Some months ago, a friend had raised an interesting question that was derived from Sophocles’ tragedy “Aias” (Ajax).
Ajax was a Greek warrior in the Trojan War and a friend of Achilles. Actually, he was the one who carried Achilles’ dead body away from the battle field and for this he claimed to take his armor, which had a symbolic value. However, the council of the Greek leaders voted that the armor should be given to Ulysses, the other contender. Ajax thought that he was injured by this kind of choice-behavior, so he vowed to kill them. But before enacting his revenge, Athena (the goddess of Wisdom) put him under illusion and guided him to slaughter sheep and cattle instead. After realizing what he had done, Ajax felt disgraced and killed himself by using his sword.
My friend couldn’t understand why Ajax was not given the armor of his friend, to whom he was so alike. Actually, she could not accept that “the brave one was not awarded and the trickster prevailed”; it seemed too unfair. She was also wondering why Athena-Wisdom had put Ajax in such a fatal adventure and if this could be a “lesson to be learned” against meritocracy.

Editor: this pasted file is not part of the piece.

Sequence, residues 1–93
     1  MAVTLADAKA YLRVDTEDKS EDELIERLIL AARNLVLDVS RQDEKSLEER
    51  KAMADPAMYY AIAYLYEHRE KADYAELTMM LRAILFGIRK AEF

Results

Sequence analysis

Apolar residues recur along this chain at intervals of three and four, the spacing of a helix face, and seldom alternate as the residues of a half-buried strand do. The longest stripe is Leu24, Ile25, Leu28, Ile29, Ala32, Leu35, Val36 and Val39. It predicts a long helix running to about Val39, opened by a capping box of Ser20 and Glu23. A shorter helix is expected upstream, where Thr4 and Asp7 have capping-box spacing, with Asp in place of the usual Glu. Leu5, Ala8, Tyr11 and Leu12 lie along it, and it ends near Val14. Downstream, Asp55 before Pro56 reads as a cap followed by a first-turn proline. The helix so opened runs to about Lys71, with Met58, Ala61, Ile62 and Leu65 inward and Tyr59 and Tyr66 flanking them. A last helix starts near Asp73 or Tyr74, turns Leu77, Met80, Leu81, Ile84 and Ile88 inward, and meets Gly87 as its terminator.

After thinking for some days, I came back with the following interpretation. The “armor” was not Achilles’ property (so it could be given to the “closer relative”) but a collective one (for it was the council that had to decide on it). It was a quality that was thought by the Greeks as being enough to win the war; Achilles was the personification of this belief and practice. However, no “armor” can lead to victories, unless it gets evolved. Troy fell due to a ploy (the Trojan horse invented later by Ulysses) and not due to Achilles’ strength.
On the other hand, Ajax failed to see the collective need for a new perspective and a different (path)way. He was stuck to his own “armor” and he ended up killed by his own sword. Athena’s intervention (to blur his view) was perhaps the inevitable compensation for his stubborn insufficiency.
I think a complexity practitioner should always be aware of the need to let go his/her armor in order to evolve it.
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